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Re: [PATCH] tpm: Pass unknown error as non-fatal, but debug print the er

From: Javier Martinez Canillas
Subject: Re: [PATCH] tpm: Pass unknown error as non-fatal, but debug print the error we got
Date: Tue, 29 Oct 2019 13:12:34 +0100
User-agent: Mozilla/5.0 (X11; Linux x86_64; rv:68.0) Gecko/20100101 Thunderbird/68.1.0

Hello Max,

On 10/29/19 11:49 AM, Max Tottenham via Grub-devel wrote:
> On 10/25, Javier Martinez Canillas wrote:


>> I think that we should go even further and make all the TPM measurement
>> errors to be non-fatal. For example something like the following patch [0].
> This poses a slight problem. For folks who rely on TPM sealed values
> this would potentially make the issue harder to address. 

I fail to see how making it a non-fatal error would make this harder for users
that rely on TPM sealed values.

If the HashLogExtendEvent failed and the PCR were not extended, then the sealed
values won't be unsealed by the TPM. So it won't be less secure for users while
still allowing the system to boot for users that aren't relying on PCR values.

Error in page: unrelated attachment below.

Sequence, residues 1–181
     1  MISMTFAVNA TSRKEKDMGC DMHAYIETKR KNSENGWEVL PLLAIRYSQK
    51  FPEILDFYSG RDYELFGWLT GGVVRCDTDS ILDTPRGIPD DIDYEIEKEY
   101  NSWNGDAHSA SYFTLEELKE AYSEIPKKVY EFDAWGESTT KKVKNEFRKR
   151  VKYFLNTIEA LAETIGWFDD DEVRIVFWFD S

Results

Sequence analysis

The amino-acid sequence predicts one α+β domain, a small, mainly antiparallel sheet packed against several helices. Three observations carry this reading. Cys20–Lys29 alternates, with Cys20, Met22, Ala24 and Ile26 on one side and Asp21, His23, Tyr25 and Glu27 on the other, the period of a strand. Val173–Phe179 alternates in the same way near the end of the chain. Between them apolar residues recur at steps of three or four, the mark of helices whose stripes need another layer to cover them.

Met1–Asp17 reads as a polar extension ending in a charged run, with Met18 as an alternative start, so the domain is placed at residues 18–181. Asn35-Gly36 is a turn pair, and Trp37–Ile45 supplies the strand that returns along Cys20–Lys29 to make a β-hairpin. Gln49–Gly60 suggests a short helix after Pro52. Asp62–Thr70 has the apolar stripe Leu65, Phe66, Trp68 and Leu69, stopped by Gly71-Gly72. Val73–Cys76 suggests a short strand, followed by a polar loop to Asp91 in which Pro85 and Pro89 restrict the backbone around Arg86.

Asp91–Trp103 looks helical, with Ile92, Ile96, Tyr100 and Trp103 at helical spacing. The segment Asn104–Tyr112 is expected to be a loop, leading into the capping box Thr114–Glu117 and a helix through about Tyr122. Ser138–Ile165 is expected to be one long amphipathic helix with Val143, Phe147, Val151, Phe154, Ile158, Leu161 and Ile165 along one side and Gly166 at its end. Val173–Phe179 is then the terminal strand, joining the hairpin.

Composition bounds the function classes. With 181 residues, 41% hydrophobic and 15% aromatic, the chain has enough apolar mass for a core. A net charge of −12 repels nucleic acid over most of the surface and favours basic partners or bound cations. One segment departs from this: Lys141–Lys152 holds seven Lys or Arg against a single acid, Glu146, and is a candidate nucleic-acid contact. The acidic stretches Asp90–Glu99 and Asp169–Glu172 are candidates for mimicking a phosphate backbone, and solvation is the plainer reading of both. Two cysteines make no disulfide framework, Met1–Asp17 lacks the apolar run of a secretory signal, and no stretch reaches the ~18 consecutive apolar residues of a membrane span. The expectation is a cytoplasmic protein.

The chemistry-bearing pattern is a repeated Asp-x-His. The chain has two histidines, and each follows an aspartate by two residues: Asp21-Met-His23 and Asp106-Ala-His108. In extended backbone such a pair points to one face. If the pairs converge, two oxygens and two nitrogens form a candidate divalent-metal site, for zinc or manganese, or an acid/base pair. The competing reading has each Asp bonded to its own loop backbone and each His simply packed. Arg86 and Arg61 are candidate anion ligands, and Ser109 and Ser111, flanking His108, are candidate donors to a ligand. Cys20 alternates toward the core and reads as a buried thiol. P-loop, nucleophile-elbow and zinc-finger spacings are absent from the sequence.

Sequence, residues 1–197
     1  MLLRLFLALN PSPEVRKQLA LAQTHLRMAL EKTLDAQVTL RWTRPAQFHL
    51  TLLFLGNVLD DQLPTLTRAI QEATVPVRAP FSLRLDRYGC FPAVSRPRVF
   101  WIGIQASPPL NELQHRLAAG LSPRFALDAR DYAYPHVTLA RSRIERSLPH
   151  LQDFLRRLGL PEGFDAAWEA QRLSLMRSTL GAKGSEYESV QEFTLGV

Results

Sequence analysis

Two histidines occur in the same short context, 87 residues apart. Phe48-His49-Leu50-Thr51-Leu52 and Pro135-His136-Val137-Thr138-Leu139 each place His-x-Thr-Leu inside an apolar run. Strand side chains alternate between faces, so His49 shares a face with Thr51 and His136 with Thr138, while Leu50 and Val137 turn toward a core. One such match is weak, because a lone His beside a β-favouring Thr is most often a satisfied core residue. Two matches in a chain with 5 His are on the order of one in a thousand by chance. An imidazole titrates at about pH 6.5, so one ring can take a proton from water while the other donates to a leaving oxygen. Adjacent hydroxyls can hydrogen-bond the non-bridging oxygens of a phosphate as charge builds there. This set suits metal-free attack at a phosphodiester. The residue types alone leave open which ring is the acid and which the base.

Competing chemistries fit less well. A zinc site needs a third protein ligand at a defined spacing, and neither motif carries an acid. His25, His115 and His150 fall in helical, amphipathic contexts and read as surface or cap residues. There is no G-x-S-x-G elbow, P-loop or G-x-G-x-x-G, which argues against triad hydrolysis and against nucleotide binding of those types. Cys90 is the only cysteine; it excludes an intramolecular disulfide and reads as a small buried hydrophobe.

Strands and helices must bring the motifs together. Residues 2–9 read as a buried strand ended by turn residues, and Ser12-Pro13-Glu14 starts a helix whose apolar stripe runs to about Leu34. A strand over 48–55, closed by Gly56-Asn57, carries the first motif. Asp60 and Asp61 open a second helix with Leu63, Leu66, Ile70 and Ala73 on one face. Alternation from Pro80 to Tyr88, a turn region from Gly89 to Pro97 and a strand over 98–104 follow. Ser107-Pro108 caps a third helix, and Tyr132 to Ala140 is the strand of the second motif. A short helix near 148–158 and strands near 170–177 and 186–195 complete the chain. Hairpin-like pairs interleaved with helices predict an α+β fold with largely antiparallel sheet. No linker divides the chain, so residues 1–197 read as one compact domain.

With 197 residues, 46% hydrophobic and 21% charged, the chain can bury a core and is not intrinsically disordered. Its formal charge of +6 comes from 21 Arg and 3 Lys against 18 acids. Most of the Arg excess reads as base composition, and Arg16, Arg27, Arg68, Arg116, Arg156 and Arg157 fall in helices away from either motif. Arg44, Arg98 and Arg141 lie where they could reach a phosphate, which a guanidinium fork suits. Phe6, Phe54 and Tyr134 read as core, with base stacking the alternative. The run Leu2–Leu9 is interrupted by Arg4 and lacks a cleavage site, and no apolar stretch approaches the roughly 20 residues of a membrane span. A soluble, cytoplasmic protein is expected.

And even for users that rely on it, I think that halting the boot is too 
For example a user could have a LUKS volume key sealed with a TPM but still have
another key slot with a passphrase as fallback in case the PCR measurements 

Even for the case you mentioned that EFI firmware could return an 
meaning that the extend operation occurred but the event could not be written to
the event log, then attestation software that not only check the PCR values but
also the event logs will determine that the logs are not correct and report that
the system is not healthy.

Then you could reboot your machine enabling debug logs for grub and check if the
call to HashLogExtendEvent is failing and what error code is returning to 
the issue and troubleshoot.

In other words, preventing the system from booting should be the last option in
my opinion and only for situations where there is really no other choice.

> Maybe a compile time (or install time) option that allows a strictness
> policy to be set - those who don't care about TPM capability can let it
> default to printing warnings, those who rely on keying material sealed
> to TPM state can explicitly configure GRUB to halt the boot process on
> error?

Yes, having a compile time or runtime option to choose this could work. But
I'm still not convinced that halting the boot process due a TPM measurement
failure is the correct thing to do.

Best regards,
Javier Martinez Canillas
Software Engineer - Desktop Hardware Enablement
Red Hat

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